Send to

Choose Destination
Technol Cancer Res Treat. 2011 Oct;10(5):431-41.

Pre-clinical evaluation of fluorescent deoxyglucose as a topical contrast agent for the detection of Barrett's-associated neoplasia during confocal imaging.

Author information

Department of Bioengineering, Rice University, 6100 Main St., MS 142, Houston, TX 77005, USA.


The availability of confocal endomicroscopy motivates the development of optical contrast agents that can delineate the morphologic and metabolic features of gastrointestinal neoplasia. This study evaluates 2-NBDG, a fluorescent deoxyglucose, the uptake of which is associated with increased metabolic activity, in the identification of Barrett's-associated neoplasia. Surveillance biopsies from patients with varying pathologic grades of Barrett's esophagus were incubated ex vivo at 37°C with 2-NBDG and imaged with a fluorescence confocal microscope. Images were categorized as neoplastic (high grade dysplasia, esophageal adenocarcinoma) or metaplastic (intestinal metaplasia, low grade dysplasia) based on the degree of glandular 2-NBDG uptake. Classification accuracy was assessed using histopathology as the gold standard. Forty-four biopsies were obtained from twenty-six patients; 206 sites were imaged. The glandular mean fluorescence intensity of neoplastic sites was significantly higher than that of metaplastic sites (p<0.001). Chronic inflammation was associated with increased 2-NBDG uptake in the lamina propria but not in glandular epithelium. Sites could be classified as neoplastic or not with 96% sensitivity and 90% specificity based on glandular mean fluorescence intensity. Classification accuracy was not affected by the presence of inflammation. By delineating the metabolic and morphologic features of neoplasia, 2-NBDG shows promise as a topical contrast agent for confocal imaging. Further in vivo testing is needed to determine its performance in identifying neoplasia during confocal endomicroscopic imaging.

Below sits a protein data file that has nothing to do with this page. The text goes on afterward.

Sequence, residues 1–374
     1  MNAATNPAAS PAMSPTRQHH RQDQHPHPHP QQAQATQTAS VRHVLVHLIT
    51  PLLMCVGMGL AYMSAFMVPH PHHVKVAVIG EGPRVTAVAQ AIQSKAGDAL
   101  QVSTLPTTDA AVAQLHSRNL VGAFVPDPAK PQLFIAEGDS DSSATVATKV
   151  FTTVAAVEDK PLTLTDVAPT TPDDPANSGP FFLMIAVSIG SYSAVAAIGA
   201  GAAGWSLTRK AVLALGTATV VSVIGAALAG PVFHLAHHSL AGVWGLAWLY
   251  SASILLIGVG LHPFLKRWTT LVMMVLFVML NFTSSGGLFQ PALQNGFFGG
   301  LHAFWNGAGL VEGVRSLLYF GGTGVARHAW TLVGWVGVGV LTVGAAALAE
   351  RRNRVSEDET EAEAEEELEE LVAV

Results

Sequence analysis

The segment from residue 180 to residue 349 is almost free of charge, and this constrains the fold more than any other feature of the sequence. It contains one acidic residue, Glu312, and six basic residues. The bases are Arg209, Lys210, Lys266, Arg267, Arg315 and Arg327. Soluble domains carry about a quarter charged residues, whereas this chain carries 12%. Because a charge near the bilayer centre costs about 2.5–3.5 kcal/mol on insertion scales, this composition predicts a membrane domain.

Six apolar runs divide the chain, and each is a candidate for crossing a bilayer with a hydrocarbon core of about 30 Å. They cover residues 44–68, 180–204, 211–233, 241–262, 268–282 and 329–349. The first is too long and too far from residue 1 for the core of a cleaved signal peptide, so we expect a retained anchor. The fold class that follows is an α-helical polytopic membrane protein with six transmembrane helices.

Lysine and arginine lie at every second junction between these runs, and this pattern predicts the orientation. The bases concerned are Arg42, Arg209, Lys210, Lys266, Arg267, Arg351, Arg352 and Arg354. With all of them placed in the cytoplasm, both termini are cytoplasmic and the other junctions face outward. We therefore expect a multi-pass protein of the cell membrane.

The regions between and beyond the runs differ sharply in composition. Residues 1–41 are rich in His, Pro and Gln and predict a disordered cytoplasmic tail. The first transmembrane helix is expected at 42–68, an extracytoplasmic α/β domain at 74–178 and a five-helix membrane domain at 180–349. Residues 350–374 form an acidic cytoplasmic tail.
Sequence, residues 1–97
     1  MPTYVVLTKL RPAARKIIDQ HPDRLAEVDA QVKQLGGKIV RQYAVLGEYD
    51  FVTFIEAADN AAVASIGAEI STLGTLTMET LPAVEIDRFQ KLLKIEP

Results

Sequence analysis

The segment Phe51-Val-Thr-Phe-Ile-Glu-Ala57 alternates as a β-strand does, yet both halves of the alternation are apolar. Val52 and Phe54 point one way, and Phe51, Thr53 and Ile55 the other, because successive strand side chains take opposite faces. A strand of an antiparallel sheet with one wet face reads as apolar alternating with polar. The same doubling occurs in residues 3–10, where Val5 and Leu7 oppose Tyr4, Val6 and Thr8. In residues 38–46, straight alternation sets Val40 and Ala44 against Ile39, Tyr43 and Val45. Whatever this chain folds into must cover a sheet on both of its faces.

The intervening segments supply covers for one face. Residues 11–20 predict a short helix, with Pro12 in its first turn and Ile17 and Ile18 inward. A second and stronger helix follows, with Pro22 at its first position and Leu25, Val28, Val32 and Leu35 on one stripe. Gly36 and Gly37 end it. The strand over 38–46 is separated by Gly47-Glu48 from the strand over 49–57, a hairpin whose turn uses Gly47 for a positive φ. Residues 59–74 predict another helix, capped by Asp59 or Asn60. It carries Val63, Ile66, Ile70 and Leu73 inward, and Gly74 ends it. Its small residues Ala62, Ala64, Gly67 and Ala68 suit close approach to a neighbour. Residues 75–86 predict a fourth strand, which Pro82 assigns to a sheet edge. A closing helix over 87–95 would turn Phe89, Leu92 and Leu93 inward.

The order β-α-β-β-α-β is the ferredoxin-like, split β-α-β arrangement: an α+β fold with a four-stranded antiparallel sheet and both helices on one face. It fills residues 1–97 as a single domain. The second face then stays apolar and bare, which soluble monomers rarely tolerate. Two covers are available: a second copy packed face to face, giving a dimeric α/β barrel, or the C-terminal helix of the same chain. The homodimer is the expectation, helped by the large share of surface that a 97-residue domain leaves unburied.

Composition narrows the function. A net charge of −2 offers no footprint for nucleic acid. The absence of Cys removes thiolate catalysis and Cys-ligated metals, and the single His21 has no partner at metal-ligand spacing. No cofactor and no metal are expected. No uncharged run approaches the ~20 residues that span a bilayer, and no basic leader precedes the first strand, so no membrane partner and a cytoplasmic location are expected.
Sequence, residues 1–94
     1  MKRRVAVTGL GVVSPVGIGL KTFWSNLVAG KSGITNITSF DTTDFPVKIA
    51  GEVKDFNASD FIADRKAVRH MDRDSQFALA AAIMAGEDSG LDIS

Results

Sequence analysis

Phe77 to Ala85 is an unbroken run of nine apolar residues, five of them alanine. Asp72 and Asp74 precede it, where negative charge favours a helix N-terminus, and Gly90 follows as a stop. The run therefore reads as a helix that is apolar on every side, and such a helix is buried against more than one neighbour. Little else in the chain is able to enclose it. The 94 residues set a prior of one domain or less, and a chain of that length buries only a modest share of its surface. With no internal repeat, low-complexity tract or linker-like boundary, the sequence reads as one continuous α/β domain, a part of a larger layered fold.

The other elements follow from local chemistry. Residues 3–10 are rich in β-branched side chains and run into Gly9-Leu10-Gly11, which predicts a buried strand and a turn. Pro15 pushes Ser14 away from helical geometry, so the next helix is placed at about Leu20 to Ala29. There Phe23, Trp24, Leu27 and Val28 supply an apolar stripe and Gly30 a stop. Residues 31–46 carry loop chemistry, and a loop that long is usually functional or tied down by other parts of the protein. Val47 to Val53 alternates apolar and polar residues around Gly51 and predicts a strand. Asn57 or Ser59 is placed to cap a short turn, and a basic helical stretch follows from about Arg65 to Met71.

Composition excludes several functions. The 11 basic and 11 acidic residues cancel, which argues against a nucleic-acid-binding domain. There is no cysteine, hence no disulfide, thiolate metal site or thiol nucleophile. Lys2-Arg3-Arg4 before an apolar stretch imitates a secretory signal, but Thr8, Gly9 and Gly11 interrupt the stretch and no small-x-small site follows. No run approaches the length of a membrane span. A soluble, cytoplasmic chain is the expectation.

[Indexed for MEDLINE]
Free PMC Article

Supplemental Content

Full text links

Icon for Atypon Icon for PubMed Central
Loading ...
Support Center